The Graphics Library Framework (GLFW) is a lightweight utility library that gives programmers the ability to create and manage windows and OpenGL contexts, as well as handle joystick, keyboard and mouse input.  Hover over the “Source Package” link on the GLFW download site and make sure that the version number and URI are up-to-date before executing the following commands.

$ wget https://github.com/glfw/glfw/releases/download/3.2.1/glfw-3.2.1.zip

Unpack the archive and enter the directory that gets created.

$ unzip glfw-3.2.1.zip
$ cd glfw-3.2.1

The GLFW author uses CMake because it makes his job easier, so we need to install that and some other packages to proceed.

$ sudo apt-get install cmake xorg-dev libglu1-mesa-dev

Use CMake and make to build and install the GLFW.

$ sudo cmake -G "Unix Makefiles"
$ sudo make
$ sudo make install

That’s it!

Now, you’ll notice that you have to type in the version number a few different times.  We can set the number in a variable and then reduce the last 7 steps into a one-liner.  Here it is for your copying and pasting pleasure (but remember to check the version and URI first):

version="3.2.1" && wget "https://github.com/glfw/glfw/releases/download/${version}/glfw-${version}.zip" && unzip glfw-${version}.zip && cd glfw-${version} && sudo apt-get install cmake xorg-dev libglu1-mesa-dev && sudo cmake -G "Unix Makefiles" && sudo make && sudo make install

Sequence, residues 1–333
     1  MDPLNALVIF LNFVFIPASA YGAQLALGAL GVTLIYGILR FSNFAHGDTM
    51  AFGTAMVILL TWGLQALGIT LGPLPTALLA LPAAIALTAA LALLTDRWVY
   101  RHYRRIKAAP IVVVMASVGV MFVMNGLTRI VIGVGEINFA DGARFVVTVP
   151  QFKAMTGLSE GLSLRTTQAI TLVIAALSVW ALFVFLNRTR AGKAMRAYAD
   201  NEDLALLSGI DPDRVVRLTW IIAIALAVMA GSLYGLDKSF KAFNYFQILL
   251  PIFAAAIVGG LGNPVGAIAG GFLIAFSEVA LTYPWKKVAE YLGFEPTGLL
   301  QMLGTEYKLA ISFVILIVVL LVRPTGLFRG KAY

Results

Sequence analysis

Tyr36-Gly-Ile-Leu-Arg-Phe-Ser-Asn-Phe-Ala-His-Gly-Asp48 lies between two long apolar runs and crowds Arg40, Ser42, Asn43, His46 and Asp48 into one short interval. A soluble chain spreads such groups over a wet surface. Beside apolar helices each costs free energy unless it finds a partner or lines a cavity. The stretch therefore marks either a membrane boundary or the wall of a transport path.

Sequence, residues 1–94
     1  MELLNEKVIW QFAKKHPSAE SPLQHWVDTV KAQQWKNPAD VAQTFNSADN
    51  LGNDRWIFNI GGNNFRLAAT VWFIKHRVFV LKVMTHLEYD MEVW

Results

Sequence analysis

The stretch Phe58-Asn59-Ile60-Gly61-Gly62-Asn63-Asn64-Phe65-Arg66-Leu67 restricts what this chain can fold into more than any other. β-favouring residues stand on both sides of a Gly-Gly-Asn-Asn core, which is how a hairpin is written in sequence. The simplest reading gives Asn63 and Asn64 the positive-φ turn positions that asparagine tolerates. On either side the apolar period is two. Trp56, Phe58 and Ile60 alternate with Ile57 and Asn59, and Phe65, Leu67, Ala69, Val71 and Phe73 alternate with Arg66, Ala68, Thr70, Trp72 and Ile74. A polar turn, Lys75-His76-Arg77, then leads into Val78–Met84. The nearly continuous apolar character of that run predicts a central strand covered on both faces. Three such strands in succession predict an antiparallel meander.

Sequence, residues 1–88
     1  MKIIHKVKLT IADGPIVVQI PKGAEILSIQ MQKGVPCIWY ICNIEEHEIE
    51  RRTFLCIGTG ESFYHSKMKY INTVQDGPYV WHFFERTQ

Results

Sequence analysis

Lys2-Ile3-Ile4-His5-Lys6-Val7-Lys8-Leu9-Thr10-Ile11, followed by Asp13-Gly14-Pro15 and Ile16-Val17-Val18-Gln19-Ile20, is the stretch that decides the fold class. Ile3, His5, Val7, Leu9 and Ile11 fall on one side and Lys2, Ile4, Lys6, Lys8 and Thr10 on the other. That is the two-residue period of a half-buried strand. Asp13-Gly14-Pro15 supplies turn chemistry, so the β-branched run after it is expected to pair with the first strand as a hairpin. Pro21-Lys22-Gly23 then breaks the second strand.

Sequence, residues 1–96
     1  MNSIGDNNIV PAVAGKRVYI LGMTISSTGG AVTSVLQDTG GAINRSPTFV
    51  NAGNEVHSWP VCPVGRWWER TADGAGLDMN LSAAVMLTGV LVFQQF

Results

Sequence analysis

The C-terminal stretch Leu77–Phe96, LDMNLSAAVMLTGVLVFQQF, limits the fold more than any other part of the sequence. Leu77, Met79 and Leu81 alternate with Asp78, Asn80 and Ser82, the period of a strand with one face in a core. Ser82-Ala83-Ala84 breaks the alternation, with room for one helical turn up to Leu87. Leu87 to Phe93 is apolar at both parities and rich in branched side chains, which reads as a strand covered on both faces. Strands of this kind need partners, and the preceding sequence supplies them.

Assuming everything went according to plan, right towards the end a small window titled “Simple Example” should have popped up briefly on your screen with a rotating OpenGL triangle in it.  That’s the sign that everything is working.

SimpleExample

/cheer

Finally, the purpose of this post is not to try teach you how to program in Perl or OpenGL.  There are millions of other web pages out there that can help you do that.  I personally, however, appreciate having a simple little skeleton of a program to get me started.  Figuring that you might appreciate one as well, I prepared one for you.

#!/usr/bin/perl

use OpenGL::GLFW qw(:all);
use OpenGL::Modern qw(:all);